Social Democracy and the Democratic Party

It would be helpful for Democrats to be more careful with their language. None of what they are advocating in terms of policy is what one would define as democratic socialism. Even Bernie Sanders, though he refers to himself as a democratic socialist, is arguing for policies that resemble the social democratic systems of the Nordic countries, and this does not include the social ownership of the means of production that socialism entails.

What Bernie Sanders and Elizabeth Warren are really arguing for is a social democratic philosophy of government and economics. In such a system, government provides services that are essential to equality of opportunity for all persons and fair and equitable access to the core necessities of life regardless of one’s income. This entails strong public K-12 education and access to strong college and vocational education for all. It also entails universal healthcare and social programs for the elderly and most vulnerable in our society.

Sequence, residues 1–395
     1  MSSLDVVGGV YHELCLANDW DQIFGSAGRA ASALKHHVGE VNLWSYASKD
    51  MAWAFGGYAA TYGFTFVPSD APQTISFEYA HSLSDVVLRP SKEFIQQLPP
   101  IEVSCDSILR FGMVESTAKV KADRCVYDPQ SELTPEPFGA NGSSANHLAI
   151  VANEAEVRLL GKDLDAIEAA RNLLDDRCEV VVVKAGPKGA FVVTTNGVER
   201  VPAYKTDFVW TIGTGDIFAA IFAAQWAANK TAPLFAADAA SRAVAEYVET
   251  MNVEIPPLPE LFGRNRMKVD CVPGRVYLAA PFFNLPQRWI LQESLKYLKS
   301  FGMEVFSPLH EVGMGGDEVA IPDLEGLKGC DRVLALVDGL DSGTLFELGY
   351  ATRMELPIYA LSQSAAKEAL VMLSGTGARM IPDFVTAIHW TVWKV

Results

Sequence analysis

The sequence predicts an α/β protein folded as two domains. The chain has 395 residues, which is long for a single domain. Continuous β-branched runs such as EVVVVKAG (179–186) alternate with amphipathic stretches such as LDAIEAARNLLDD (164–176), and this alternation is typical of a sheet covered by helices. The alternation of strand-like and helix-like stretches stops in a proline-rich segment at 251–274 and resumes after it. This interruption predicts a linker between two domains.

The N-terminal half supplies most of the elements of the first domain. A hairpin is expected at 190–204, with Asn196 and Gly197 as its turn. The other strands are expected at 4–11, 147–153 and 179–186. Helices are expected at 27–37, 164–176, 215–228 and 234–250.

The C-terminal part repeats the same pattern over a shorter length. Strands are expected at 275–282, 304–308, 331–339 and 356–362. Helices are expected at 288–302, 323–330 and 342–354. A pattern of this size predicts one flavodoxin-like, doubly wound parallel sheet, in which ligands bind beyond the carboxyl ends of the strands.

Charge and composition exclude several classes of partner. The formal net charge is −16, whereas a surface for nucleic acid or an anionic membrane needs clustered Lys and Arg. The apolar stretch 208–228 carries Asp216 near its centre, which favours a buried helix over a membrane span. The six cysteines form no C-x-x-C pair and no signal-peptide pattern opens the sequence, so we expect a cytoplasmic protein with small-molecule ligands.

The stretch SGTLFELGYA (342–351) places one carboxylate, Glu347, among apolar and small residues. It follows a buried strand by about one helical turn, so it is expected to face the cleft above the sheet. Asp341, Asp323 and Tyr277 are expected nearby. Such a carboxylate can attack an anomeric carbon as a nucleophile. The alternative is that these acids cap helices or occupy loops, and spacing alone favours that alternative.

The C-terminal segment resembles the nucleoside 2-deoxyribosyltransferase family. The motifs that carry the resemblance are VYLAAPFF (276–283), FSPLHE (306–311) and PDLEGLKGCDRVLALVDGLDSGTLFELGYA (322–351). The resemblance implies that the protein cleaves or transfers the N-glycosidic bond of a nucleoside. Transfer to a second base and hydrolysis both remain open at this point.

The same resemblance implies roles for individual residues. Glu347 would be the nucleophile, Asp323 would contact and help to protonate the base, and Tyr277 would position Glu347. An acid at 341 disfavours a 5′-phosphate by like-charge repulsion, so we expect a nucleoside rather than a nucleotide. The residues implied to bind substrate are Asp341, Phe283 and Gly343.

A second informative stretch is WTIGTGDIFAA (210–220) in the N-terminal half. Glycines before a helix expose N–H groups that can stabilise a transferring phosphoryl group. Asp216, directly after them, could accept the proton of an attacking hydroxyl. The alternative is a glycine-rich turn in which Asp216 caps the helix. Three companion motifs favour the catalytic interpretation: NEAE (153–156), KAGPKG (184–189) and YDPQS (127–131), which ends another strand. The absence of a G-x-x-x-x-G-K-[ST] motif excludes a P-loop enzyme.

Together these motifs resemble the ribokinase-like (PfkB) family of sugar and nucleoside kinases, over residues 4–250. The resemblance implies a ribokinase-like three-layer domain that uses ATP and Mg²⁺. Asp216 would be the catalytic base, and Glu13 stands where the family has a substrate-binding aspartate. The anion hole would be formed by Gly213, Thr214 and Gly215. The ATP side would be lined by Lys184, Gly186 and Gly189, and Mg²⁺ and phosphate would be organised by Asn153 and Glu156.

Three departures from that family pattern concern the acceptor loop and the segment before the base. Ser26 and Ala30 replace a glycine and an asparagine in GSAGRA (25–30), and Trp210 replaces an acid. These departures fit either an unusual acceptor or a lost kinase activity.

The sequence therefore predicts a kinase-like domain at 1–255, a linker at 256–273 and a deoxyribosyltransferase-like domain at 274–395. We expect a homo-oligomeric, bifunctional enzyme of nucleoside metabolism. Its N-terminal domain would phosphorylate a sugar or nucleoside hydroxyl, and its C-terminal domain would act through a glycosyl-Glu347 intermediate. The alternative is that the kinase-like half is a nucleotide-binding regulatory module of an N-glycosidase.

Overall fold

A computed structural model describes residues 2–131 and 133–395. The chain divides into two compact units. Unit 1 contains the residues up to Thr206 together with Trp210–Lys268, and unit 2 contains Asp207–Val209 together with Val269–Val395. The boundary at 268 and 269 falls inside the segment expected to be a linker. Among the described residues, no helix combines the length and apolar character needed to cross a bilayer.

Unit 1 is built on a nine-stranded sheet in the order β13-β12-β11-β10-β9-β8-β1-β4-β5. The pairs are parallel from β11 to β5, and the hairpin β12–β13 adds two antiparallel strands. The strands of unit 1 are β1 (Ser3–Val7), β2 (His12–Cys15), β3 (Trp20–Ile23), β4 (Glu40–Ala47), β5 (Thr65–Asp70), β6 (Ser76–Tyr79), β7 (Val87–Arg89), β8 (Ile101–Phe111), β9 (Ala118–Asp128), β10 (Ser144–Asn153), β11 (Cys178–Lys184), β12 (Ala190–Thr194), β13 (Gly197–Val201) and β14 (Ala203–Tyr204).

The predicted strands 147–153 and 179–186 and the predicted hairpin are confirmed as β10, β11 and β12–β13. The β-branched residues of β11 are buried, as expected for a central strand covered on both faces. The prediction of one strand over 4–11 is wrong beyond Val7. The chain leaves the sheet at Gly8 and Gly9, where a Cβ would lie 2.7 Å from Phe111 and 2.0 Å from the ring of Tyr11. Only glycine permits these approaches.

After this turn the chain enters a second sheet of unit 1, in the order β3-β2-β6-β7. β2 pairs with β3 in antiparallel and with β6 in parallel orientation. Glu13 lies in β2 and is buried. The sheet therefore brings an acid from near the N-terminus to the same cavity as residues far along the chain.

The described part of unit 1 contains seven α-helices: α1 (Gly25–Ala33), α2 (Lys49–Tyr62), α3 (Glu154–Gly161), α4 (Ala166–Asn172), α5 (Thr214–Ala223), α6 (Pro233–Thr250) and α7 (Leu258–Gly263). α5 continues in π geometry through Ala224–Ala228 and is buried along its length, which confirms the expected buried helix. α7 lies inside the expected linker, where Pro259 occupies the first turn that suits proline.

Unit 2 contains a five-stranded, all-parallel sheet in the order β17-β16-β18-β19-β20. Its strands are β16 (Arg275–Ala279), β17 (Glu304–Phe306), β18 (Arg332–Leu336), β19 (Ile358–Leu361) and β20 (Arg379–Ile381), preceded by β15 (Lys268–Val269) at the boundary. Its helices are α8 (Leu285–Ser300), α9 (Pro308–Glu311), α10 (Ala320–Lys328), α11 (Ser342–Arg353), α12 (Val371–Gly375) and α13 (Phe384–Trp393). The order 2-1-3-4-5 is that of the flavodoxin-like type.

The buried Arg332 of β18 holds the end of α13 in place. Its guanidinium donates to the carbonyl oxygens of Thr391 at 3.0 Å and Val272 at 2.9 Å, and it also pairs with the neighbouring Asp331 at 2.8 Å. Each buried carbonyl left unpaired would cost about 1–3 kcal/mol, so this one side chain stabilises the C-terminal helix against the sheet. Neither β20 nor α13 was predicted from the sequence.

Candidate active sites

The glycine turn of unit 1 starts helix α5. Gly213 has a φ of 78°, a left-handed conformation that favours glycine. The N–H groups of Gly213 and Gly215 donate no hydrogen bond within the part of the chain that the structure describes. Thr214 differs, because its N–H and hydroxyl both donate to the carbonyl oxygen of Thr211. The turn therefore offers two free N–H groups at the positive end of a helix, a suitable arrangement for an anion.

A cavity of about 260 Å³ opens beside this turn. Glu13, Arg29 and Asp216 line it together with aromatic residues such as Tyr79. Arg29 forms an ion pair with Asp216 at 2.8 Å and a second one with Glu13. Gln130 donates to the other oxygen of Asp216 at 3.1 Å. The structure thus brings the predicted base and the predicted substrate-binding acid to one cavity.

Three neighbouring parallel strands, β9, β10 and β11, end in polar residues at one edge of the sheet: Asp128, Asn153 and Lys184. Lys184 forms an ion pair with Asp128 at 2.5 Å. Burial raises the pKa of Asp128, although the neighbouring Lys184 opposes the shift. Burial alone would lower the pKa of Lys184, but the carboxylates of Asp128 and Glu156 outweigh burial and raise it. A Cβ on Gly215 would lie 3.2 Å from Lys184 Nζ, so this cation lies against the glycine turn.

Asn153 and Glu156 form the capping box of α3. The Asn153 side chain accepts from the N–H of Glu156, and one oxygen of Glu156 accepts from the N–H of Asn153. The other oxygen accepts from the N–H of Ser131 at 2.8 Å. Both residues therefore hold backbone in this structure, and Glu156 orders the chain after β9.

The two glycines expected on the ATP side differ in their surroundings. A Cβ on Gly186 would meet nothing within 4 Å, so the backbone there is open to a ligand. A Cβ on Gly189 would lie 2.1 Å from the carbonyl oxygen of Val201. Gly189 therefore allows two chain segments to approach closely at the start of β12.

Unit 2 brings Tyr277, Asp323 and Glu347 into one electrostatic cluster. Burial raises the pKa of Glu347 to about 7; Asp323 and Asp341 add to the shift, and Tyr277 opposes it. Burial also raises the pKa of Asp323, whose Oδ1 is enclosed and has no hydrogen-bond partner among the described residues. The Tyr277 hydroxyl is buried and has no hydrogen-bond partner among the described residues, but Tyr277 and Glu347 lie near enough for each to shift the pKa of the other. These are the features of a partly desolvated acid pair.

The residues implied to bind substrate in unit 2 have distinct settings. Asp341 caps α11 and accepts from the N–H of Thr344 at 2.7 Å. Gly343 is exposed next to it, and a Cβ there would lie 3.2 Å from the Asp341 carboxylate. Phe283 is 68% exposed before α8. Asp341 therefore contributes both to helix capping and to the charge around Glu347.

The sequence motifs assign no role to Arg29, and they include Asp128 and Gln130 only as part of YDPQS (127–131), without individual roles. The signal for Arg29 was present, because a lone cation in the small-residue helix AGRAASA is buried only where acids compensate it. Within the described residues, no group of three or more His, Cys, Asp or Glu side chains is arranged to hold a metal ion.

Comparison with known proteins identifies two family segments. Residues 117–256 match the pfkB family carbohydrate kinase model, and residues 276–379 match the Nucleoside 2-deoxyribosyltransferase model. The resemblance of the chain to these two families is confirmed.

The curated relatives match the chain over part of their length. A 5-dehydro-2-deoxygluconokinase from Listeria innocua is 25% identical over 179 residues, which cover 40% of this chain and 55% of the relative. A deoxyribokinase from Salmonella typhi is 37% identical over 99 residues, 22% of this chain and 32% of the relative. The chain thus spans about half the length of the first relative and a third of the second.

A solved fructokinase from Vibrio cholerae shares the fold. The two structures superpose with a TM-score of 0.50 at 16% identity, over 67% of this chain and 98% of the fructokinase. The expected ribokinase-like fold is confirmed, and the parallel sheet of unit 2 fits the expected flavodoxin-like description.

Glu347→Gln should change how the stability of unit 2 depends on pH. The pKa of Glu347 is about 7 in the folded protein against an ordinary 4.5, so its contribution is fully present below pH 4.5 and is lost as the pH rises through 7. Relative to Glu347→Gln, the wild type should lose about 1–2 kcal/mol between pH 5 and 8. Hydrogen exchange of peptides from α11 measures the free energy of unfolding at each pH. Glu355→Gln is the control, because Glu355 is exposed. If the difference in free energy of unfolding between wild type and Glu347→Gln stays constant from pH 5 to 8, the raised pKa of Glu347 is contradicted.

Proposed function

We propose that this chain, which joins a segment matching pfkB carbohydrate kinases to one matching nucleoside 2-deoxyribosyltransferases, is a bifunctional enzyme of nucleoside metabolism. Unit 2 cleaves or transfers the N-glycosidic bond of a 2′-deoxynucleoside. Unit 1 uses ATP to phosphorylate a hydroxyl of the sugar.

Such a social democratic system also uses progressive taxation to support social programs and infrastructure for human and ecological flourishing. In social democratic systems there is less income inequality and greater equality of opportunity. This does not mean that government owns everything or operates everything. It does mean that the government maintains systems and regulations to maintain fairness, justice, health, safety, workers’ rights, and ecological sustainability – all of which are essential for the flourishing of persons-in-community.

None of this is remotely close to the totalitarian socialism of the former Soviet Union, China, Cuba, and Venezuela. It is very close to the social democracies of Costa Rica, Denmark, Finland, Norway, and Sweden, which by all measurements are the happiest, healthiest, most participatory, and least corrupt countries in the world. These countries are the success story of social democracy, and this system has proven to be the best way to organize our societies for the well-being of both people and the planet. Democrats would do well to be clear about this distinction in their language as they articulate their vision for our country.

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